Workplace violence risk assessment
The OHSA requires all school boards to assess the risks of workplace violence and to conduct a reassessment of the risks of workplace violence as often as necessary to ensure the workplace violence policy and the measures and procedures in the workplace violence program continue to protect workers from workplace violence. School boards must ensure an assessment/reassessment of the risks of workplace violence is conducted for each of their workplaces (e.g., school, classroom, other work location).
A risk assessment under the OHSA is not an assessment of an individual or student.
Under the OHSA, school boards are required to assess the risks of workplace violence that may arise from:
- the nature of the workplace
- the type of work; or
- the conditions of work.
The nature of the workplace refers to the physical aspects of the workplace and may include but is not limited to schools, school yards, school board offices, field trip locations, non-traditional classrooms, third-party spaces, hospitals and custody and correctional facilities and any other place that a worker performs work for the school board.
For more information on the nature of non-traditional classrooms refer to Guidelines for Educational Programs for Students in Government Approved Care and/or Treatment, Custody and Correctional Facilities.
The type of work refers to the activities workers perform and the type of people with whom workers interact such as students, co-workers, agencies, parents, volunteers, and other members of the community, either individually or in groups. Activities could include, but are not limited to, classroom teaching, assisting students outside the classroom, non-academic work, recess, lunch support and field trips. These are a few examples of the different settings where work is performed and school boards must assess all types of work for the risk of workplace violence.
The conditions of work refer to other aspects such as the time of work, whether workers move from location to location, work alone, or work in isolated or remote workplaces.
In carrying out the assessment, school boards must consider:
- circumstances common to similar workplaces (e.g., other school boards); and
- circumstances specific to the workplace (e.g., non-traditional classrooms, geographical locations).
As a leading practice, a risk assessment conducted in a school board setting should include assessing:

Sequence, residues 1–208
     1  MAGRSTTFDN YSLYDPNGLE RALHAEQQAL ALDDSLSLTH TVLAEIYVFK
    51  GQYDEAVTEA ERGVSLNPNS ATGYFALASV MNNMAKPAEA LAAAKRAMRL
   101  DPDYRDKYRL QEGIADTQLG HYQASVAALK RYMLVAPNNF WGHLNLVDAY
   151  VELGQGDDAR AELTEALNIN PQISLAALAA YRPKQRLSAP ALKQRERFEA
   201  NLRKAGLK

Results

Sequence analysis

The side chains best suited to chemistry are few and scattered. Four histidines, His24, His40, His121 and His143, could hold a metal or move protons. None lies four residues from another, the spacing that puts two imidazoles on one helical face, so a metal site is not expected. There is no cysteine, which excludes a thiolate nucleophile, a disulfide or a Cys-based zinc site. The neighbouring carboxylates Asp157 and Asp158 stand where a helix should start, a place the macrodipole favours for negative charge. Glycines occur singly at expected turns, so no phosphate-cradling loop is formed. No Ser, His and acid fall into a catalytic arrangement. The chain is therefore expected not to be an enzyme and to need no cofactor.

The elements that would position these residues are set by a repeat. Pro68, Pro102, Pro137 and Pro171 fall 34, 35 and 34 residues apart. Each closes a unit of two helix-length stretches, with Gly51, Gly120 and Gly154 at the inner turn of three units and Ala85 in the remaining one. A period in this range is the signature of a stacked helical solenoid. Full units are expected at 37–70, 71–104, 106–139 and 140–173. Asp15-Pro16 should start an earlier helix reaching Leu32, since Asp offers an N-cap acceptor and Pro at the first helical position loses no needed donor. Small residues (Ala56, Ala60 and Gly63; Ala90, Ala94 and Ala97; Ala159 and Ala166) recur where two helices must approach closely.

- the physical environment, for instance, the security and control of entry and exit points, the working conditions and maintenance of the school communication systems, and the geographical location of the school
- work practices, conditions, and the nature of work, such as working alone with students or others, working outside, working in a portable, being an occasional or part-time worker, providing personal care to a student, special events at a school including assemblies and school trips
- current measures and procedures in the workplace violence program which may include, but not be limited to:
- a means to summon immediate assistance
- workplace violence response and prevention protocols
- information and instruction (which may include elements such as recognizing, managing, and de-escalating behaviours)
- measures and procedures to develop and/or revise student safety plans
- sharing of information as appropriate, and consistent with OHSA and other applicable legislation, for student transitions and transfers within and across school boards
- measures and procedures when the school board becomes aware of domestic violence; and
- Personal Protective Equipment (PPE).
The risk assessment should also include any known risks based on a review of previous workplace incidents as well as any known risks identified in other school communities (e.g., the entry of weapons into a school).
Development of a student safety plan is not an assessment or reassessment the risk of workplace violence in itself and does not constitute a workplace violence risk assessment or reassessment as required under the OHSA. However, the measures and procedures in the workplace violence program may include safe work practices (e.g., student safety plans) to support and protect students and workers. Student safety plans may be developed or revised to address a change in the potential of risk of workplace violence.
For more information refer to section on Student Safety Plan.